Omega2+ goes dead - under process load ?
Thanks a lot for taking time to check..
To me, the device goes down at random, not while compiling any specific unit..
It is dead now, at google/protobuf/descriptor.lo
One more thing, I have seen if we add "-mlxc1-sxc1" to CXXFLAGS, that would add more load..
It compiled with OpenWRT 18.06.8 ramips fw.
make: Leaving directory '/home/admin1/protobuf-3.13.0/src'
make: Leaving directory '/home/admin1/protobuf-3.13.0'
real 5h 24m 21s
user 4h 44m 42s
sys 14m 16.34s
Setup is the same. Required to install more modules:
fdisk block-mount e2fsprogs kmod-fs-ext4 kmod-usb-storage kmod-usb2
Could you try that ?
The O2+ with b233 FW holds more time after installing 2 small heat-sinks on the metal shield:
The left one is running OpenWRT 18.06.8(active); right one was running b233 (dead).
Your observation about VM was correct. Both OnionOS b233 and OpenWRT 18.06.8 crashes with 512MB swap.
With 1024MB swap and with a pedestal fan blowing air on the metal-shield, OpenWRT can compile. With heat-sink as in the above photograph, OpenWRT can compile.
OnionOS b233 was never able to complete the process.
I think we are looking at 2 issues to address:
- OnionOS stability
During compiling of "google/protobuf/descriptor.lo" processor load goes too high. We can feel it.. if we press <enter>, the response time it takes to get the new prompt is that of a heavily overloaded m/c.
Further, during that time:
13:39:14 up 1:20, load average: 5.73, 2.38, 1.43 and it died after a second or two.
OpenWRT never exceeds 2.0 load average, and most of the time it stays below 1.0.
- Thermal design
Needs a heat sink.
Do you know by any chance, that if the metal shield is removed, can a small heat sink be mounted without shorting other components?
I think the thermal part does have a role during field deployment.down..
And the good part is that, 7688 has built-in thermal shutdown. The OpenWRT processor(left) is the same one, that was running OnionOS earlier, and crashed at least 10 times by now..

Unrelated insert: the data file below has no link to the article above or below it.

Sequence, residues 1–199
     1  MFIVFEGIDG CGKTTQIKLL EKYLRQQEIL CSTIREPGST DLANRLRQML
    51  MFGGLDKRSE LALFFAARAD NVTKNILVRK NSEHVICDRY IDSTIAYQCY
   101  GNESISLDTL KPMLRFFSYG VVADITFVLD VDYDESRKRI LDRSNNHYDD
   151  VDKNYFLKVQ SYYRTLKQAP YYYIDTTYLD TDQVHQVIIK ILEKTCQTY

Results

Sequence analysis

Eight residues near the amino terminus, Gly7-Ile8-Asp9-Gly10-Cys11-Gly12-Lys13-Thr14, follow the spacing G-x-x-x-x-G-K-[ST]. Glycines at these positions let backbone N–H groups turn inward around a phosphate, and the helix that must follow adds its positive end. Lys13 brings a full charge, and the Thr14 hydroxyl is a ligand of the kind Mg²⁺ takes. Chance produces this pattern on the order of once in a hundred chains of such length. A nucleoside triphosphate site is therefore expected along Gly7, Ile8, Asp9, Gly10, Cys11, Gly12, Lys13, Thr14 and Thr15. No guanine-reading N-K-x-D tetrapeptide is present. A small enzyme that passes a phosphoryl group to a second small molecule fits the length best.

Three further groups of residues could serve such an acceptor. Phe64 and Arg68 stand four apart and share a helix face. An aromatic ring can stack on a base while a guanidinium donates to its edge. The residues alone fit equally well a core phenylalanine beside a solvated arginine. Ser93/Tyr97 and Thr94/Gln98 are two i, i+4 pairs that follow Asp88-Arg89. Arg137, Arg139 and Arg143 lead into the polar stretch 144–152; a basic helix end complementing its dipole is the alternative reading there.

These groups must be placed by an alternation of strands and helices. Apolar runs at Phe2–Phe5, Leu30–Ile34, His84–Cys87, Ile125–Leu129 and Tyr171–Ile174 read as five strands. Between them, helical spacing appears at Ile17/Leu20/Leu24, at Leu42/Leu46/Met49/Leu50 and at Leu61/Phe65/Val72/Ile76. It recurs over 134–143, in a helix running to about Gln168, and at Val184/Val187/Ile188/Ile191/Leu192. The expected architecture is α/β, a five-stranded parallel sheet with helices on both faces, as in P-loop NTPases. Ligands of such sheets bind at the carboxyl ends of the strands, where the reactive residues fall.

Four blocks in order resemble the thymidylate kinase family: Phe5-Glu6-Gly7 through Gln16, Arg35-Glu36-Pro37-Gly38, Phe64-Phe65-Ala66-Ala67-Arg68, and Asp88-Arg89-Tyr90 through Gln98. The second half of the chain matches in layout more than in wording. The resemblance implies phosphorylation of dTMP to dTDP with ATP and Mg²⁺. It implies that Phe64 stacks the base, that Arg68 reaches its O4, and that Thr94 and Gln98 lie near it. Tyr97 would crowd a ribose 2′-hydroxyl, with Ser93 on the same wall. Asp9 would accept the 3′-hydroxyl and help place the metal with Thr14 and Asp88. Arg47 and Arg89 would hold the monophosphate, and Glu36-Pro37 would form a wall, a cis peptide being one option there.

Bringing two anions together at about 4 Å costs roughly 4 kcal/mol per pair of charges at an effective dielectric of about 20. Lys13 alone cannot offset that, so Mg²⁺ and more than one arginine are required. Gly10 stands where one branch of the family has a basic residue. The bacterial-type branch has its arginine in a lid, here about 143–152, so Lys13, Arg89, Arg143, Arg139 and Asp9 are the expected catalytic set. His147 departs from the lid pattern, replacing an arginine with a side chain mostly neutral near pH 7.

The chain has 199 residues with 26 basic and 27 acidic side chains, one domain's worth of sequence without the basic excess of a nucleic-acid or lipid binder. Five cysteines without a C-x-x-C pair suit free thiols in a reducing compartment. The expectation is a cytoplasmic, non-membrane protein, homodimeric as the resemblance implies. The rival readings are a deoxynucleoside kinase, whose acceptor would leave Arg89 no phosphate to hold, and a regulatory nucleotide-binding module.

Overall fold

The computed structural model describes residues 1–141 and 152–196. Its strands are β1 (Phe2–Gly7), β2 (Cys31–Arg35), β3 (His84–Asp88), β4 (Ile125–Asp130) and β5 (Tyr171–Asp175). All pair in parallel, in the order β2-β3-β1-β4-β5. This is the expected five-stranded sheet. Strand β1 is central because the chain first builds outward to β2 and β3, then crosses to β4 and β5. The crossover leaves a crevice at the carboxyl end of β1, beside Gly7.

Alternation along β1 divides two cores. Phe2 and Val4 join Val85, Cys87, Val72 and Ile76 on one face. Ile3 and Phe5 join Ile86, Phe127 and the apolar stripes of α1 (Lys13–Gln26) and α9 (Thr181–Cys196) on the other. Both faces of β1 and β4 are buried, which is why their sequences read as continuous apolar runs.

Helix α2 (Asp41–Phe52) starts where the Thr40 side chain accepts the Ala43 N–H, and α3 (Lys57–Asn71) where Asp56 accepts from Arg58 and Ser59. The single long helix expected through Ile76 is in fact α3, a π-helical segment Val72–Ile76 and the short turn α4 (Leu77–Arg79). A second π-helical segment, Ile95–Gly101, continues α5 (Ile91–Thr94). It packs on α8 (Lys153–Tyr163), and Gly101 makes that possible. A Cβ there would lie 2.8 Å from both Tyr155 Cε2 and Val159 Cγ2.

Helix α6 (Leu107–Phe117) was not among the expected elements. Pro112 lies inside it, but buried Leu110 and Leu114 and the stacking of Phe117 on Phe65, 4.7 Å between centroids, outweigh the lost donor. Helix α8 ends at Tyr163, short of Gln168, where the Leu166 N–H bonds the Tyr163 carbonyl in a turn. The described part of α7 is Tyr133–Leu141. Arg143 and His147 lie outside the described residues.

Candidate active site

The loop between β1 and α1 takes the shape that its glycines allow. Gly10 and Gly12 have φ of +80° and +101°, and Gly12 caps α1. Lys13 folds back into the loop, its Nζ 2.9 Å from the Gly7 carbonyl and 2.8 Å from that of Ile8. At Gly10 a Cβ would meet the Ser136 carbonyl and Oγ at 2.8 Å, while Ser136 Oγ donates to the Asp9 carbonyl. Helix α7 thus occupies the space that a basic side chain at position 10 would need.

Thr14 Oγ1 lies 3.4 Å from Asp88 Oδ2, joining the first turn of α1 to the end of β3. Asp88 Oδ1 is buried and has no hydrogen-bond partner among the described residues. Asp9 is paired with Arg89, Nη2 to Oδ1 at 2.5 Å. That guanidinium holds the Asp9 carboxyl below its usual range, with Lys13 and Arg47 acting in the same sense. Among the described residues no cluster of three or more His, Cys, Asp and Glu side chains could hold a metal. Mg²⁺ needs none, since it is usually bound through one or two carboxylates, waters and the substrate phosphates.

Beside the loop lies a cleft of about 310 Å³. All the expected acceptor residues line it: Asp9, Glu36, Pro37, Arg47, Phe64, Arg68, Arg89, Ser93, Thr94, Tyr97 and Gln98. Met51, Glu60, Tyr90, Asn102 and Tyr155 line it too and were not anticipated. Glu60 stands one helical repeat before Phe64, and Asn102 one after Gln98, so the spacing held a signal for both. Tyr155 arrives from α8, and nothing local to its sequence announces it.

- OnionOS stability
@tjoseph1 I think all you have done is discovered what we already know. IoT devices are not designed for heavy load, they are minimalist devices.
I also don't understand why anyone would use an IoT device as a development platform, this is not what it is designed for, it is designed as a deployment target. As you have discovered, you will spend too much time trying to fix issues when you use a device for something it is not designed for.
You can remove the protective shield, I ran an Omega2+ for a few months with no shield, alas it got caught in the rain and went poof! Maybe you could place a heatsink on the Mediatek chip, but I'm not sure that is where the issue is, I have a suspicion it is the DDR2.
Yes. You are right..IoT devices are minimalistic. Yet, I would think that the time is not wasted, it helped me to learn the behavior and the limits it can go..and how far it could be stretched..without breaking it.
There are so many IoT devices out there..each has it's own limits. In that sense, minimalistic is a generic term, to me.
My job is to build a reliable gadget..by looking from every corner. I am not at all constrained by time
@tjoseph1 If you are not constraint by time then you are a very lucky person. Most of us are building stuff and we have timelines and time is money.
Yes..what I said is true, for many years now.
But, that makes me veture into unchartered waters..spend time on otherwise unnecessary things, sort of defocussed.
When I look back, ppl who work under time constraints are lucky..
Grass is greener..the other side..
One other thing that was not quite right in this whole experiment was a "limited" raw swap patition?
Wouldn't it be better to be on a file on sda1(that spans the entire sda), that is recreated at each boot, so that different blocks would be used for rw every time? r-only blocks stays. rw block decays isn't it?
@tjoseph1 Decay is a whole separate discussion because it depends on your use case. For my devices decay is not an issue as the devices read/write ratio is around 1:4200.